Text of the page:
rcrop  crop RADIANCE matrix or picture
rcrop row0 col0 nrows ncols [ input [ output ] ]
Rcrop copies the indicated section of a matrix or RADIANCE picture. The four required arguments are the initial row (scanline) to copy, the initial column, the number of rows to copy, and the number of columns to include per row. Note that rows are numbered from 0 at the top of a matrix or picture, and columns are changing fastest in the input, which can have any number of components per matrix element.
The input must have a valid header, including dimensions and format, and a header will always be produced. This is similar behavior to rmtxop(1). If the input header is missing, one can usually be added with an appropriate call to rcollate(1). If an output header is not desired, it can be removed using getinfo(1).
One cannot specify crop boundaries outside the matrix dimension limits. If a 0 value is specified for the number of rows to copy, then all rows will be copied, starting from row0. Similarly, a 0 value for the number of columns to copy implies all columns >= col0 will be copied.
Using rcrop on a RADIANCE picture rather than pcompos(1) corrects the view parameters if present, and preserves the exposure in a way that is compatible with evalglare(1). However, one must remember that rows correspond to Y coordinates, and the orientation is reversed from a standard picture, where Y=0 is the bottom scanline.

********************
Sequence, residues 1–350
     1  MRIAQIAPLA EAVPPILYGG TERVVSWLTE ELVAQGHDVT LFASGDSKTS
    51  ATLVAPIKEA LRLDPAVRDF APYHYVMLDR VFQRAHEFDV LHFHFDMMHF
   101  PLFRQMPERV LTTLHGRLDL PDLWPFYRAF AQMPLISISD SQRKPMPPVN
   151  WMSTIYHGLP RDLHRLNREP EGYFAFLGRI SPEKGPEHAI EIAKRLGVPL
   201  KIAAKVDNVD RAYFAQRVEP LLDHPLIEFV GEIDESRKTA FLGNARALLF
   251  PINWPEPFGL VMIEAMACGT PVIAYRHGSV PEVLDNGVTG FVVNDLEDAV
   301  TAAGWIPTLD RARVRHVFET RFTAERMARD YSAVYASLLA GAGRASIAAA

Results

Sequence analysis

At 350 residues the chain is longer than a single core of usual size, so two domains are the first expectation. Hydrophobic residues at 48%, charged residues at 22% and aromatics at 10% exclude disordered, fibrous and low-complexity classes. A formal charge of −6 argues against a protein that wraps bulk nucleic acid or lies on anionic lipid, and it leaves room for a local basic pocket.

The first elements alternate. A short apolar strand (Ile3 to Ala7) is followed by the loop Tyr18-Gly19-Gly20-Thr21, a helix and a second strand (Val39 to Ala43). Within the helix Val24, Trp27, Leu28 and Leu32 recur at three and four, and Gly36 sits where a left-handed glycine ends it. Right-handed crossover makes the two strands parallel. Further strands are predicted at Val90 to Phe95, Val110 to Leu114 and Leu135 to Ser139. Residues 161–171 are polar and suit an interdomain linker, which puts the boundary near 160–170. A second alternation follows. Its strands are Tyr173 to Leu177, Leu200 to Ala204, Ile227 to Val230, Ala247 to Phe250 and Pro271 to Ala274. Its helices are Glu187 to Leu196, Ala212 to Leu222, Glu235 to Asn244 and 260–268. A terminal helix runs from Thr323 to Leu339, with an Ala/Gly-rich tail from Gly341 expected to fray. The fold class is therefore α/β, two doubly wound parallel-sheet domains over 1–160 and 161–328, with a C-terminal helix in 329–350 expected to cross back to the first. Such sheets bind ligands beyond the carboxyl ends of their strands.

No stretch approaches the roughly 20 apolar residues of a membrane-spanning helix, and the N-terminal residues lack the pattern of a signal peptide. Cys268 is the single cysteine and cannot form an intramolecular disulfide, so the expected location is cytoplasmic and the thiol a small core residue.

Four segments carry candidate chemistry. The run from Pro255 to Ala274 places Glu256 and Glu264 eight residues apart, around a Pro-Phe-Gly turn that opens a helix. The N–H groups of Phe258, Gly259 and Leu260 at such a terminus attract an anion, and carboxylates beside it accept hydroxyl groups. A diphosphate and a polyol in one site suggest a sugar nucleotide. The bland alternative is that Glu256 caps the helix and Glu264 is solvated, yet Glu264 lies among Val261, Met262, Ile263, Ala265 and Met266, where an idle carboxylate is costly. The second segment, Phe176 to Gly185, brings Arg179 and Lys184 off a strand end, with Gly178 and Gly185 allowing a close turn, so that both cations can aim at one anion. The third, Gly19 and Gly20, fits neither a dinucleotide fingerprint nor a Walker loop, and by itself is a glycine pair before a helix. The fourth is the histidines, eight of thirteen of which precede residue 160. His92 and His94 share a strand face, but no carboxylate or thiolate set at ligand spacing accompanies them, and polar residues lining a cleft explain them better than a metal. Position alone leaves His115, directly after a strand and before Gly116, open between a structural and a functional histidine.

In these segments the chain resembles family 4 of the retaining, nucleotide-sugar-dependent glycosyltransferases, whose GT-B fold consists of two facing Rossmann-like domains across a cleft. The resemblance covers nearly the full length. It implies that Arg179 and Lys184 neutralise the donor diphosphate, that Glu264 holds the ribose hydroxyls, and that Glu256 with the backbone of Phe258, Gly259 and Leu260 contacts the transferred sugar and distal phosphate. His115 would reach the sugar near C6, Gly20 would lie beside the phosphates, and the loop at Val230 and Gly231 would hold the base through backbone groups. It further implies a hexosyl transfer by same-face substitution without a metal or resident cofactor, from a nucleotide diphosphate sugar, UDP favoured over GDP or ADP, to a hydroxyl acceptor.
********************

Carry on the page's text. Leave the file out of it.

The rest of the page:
All matrix formats are supported, including text (ASCII), binary float and double. The rcrop tool also works on encoded normal vector files produced by rcode_norm(1) and encoded depth files produced by rcode_depth(1). Data is copied verbatim, i.e., there is no internal conversion to another representation, although white space may change in text files.
If no input file is given, data will be taken from the standard input. If no output file is specified, data will be copied to the standard output.
To crop a matrix down to 15 rows by 19 columns, starting at row 10 and column 12:
rcrop 10 12 15 19 input.mtx > output.mtx 
To extract column 35 from a matrix:
rcrop 0 35 0 1 orig.mtx > col35.mtx 
To crop a picture to (X by Y) = (1500 by 1000), starting from upperleft corner:
rcrop 0 0 1000 1500 orig.hdr cropped.hdr 
Two ways of computing the inner product of row 15 in matrix 1 by column 27 in matrix 2 and extracting the result without a header, the second command being more efficient:
rmtxop fa mat1.mtx mat2.mtx  rcrop 15 27 1 1  getinfo  

rmtxop fa ’!rcrop 15 0 1 0 mat1.mtx’ ’!rcrop 0 27 0 1 mat2.mtx’  getinfo  
Greg Ward
evalglare(1), pcompos(1), rcalc(1), rcode_depth(1), rcode_norm(1), rcollate(1), rfluxmtx(1), rmtxop(1), rsplit(1)